Don't be Trigger Happy
Triggers can be very useful when modifying a record before or after an insert, update, deletion, update, merge or undelete action. But many times, there are other ways to automate the process. As a programmer, your first instincts would be to do a trigger, but that is not always the best solution. There are many considerations when writing a trigger. Do you know how a trigger works?
Triggers can be useful in many situations but at the same time can cause headaches during large data loads and batch processes. Many triggers will fire off twice during the process. Triggers will execute every time a record is modified. For example, in the order of execution all before and after triggers are executed before workflow rules. If a workflow rule updates field, the triggers will be executed one more time. Undelete triggers only work for specific objects. Record history is not written until after a trigger is completed which makes it impossible to capture the change in a trigger. Even though there are ways around preventing the trigger from executing during a large data load or batch process, understanding that the trigger how a trigger functions may save a lot of rework when introducing new process into the organization.
Who will support the process when you are not there?
As a programmer, writing a trigger may seem like the best way to go but not all Administrators know Apex code. One challenge I have been faced with on several projects is the rule of “Do not write code unless you absolutely have to.” Understanding the business logic is key. Can you accomplish the function through formula fields or workflow rules? If you are not going across non related objects, the function maybe resolved through doing a workflow rule involving an update field. Updating fields on related objects can also be done with workflow rules but will depend on the relationship between objects. Workflow rules can set off a series of procedures in a database. Once filter criteria is setup for a workflow rule and a record meets those conditions, an action will occur such as an email alert, field update, outbound message, or task.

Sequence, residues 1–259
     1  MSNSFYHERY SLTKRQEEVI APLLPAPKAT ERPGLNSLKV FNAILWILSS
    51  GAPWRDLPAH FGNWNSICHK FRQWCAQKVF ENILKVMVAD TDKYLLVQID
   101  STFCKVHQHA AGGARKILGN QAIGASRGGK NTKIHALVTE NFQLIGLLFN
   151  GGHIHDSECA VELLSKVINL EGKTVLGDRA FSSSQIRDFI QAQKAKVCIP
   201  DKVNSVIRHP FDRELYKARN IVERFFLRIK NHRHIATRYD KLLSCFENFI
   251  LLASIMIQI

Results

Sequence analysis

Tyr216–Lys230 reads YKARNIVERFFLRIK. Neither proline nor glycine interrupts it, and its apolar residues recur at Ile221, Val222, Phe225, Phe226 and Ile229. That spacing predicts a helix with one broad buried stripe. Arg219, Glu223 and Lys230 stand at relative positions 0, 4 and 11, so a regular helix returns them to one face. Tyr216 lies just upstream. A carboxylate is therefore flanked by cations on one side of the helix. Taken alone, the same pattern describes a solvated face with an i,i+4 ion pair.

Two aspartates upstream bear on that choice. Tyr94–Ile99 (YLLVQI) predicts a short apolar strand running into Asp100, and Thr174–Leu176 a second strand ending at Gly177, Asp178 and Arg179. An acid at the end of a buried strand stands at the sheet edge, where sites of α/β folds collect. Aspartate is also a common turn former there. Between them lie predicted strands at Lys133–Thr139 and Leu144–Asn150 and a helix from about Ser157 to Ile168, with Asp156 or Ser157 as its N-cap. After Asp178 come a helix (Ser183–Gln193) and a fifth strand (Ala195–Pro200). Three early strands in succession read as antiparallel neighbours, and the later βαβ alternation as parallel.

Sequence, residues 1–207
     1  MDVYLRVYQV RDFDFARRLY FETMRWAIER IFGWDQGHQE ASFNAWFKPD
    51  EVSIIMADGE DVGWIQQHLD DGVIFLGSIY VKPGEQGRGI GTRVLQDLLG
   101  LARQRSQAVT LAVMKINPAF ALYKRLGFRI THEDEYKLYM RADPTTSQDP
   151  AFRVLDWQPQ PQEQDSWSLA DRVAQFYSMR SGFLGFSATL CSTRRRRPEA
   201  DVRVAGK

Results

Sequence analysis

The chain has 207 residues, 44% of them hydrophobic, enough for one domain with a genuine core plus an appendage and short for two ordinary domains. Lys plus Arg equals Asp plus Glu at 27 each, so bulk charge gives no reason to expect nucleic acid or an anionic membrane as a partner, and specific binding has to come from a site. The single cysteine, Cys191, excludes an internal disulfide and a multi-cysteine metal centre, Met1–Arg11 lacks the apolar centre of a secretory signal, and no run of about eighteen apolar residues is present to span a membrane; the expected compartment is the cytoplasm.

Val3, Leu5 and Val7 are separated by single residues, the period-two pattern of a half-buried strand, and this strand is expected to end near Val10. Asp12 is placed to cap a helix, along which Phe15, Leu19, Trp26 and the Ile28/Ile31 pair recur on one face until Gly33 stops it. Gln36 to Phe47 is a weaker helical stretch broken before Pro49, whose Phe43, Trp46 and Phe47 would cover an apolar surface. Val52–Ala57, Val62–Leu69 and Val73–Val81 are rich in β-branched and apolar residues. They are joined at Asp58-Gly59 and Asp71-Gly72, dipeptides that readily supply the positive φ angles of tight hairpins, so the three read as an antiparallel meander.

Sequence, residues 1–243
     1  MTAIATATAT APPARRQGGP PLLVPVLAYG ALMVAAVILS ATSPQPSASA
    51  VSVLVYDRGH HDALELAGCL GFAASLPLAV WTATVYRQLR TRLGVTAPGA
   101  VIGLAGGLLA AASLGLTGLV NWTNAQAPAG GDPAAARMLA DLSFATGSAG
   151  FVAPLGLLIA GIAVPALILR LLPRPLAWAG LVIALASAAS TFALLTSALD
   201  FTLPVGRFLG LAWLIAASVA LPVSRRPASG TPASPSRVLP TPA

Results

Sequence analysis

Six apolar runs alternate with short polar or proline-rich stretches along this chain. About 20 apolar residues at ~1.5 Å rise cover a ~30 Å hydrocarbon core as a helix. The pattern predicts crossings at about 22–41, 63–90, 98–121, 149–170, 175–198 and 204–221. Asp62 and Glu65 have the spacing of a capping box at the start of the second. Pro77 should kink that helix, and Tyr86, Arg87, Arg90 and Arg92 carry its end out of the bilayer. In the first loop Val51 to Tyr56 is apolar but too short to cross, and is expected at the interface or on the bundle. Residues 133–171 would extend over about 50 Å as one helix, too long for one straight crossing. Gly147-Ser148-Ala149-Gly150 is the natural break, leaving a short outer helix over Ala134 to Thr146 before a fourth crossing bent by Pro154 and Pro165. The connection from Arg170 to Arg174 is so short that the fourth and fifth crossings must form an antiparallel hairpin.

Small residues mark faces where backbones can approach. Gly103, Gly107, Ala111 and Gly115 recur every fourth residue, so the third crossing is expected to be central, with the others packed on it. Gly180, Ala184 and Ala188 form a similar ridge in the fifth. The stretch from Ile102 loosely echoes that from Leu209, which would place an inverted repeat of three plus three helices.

Formula fields may provide another away to avoid writing a trigger. Formula fields are automatically calculated when a user views the record and are read-only. These fields are created the same a custom field is written. There are limitations on how many characters can be used to write the formula but the formula can span across two related objects. Even though some formula fields can be complex, the ease of updating how the information is transformed onto the screen maybe easier than writing a trigger for an Administrator.
Workflow rules and formula fields are only two examples of accomplishing a solution that does not involve writing a trigger. Triggers are useful when there is a developer on the team. They cannot be updated in the production environment. Before a trigger is written take the time consider other solutions that can be support by the test coverage and promotion.
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